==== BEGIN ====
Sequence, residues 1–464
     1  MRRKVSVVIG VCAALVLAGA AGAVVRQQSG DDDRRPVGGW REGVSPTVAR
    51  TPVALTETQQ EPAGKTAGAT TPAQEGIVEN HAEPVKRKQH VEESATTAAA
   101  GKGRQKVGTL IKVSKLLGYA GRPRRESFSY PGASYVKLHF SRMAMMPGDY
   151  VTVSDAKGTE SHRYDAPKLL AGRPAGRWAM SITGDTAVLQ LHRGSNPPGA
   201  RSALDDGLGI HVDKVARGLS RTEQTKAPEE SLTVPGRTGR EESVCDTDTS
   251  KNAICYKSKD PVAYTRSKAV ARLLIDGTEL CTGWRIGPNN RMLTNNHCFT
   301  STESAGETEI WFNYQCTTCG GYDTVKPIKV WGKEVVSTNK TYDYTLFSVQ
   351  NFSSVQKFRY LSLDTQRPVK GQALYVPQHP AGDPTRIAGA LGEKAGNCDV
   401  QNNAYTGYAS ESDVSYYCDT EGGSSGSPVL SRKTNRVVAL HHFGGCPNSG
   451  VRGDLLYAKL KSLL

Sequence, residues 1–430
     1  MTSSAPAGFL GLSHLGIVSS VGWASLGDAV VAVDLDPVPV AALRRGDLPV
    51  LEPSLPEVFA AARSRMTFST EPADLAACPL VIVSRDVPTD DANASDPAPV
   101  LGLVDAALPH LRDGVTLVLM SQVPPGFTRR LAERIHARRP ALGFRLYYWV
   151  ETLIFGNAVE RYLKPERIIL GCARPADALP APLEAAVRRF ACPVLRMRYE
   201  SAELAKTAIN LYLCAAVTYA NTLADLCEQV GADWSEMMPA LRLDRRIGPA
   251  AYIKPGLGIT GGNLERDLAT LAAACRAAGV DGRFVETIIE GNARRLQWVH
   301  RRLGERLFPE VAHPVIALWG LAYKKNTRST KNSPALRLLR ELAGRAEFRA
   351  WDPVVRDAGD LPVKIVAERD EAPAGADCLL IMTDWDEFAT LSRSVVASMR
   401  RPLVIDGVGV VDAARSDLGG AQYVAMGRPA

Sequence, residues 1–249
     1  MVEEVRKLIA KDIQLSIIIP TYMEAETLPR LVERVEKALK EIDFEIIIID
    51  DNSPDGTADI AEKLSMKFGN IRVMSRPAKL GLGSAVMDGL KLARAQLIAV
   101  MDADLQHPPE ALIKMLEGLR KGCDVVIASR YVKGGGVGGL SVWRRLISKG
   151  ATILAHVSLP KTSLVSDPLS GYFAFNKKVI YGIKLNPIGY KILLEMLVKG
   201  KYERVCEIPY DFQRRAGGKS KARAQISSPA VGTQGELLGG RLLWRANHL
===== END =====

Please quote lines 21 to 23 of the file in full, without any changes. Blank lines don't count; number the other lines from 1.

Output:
   401  RPLVIDGVGV VDAARSDLGG AQYVAMGRPA

Sequence, residues 1–249
     1  MVEEVRKLIA KDIQLSIIIP TYMEAETLPR LVERVEKALK EIDFEIIIID